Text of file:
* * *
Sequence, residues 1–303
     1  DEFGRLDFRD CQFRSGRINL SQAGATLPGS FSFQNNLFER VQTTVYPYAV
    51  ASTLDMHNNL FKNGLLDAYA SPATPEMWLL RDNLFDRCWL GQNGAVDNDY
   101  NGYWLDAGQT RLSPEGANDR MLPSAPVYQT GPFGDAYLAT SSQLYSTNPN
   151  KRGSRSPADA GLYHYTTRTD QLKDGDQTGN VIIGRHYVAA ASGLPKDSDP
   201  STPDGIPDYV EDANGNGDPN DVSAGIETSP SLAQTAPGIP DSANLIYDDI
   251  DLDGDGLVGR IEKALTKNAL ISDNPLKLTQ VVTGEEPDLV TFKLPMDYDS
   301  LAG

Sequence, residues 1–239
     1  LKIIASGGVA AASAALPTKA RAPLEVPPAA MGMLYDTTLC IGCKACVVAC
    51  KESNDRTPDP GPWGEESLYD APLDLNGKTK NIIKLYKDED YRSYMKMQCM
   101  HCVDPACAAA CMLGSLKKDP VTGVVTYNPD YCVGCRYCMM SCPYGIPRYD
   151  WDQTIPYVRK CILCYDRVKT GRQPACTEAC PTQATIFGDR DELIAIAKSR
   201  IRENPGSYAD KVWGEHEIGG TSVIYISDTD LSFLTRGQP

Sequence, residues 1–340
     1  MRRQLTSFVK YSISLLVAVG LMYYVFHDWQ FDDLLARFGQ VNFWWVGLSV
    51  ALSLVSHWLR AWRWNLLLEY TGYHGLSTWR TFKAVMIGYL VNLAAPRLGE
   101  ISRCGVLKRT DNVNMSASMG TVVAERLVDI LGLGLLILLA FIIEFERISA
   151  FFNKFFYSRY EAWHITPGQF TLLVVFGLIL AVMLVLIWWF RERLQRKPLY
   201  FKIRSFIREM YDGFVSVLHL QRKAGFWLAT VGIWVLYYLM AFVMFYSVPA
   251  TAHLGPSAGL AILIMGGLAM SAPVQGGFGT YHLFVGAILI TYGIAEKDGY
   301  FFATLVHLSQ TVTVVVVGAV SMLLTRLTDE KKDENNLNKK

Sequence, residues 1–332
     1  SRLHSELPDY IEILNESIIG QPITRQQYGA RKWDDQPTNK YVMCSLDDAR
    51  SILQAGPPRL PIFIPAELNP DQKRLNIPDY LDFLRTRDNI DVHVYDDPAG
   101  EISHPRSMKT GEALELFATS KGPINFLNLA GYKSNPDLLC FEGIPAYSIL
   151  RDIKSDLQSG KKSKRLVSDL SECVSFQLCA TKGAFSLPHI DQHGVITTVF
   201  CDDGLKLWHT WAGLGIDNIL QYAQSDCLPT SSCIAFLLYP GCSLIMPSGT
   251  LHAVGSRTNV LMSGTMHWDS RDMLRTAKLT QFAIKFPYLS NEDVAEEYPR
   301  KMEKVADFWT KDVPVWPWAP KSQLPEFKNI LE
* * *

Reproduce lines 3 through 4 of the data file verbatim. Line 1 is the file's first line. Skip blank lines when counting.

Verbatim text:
    51  ASTLDMHNNL FKNGLLDAYA SPATPEMWLL RDNLFDRCWL GQNGAVDNDY
   101  NGYWLDAGQT RLSPEGANDR MLPSAPVYQT GPFGDAYLAT SSQLYSTNPN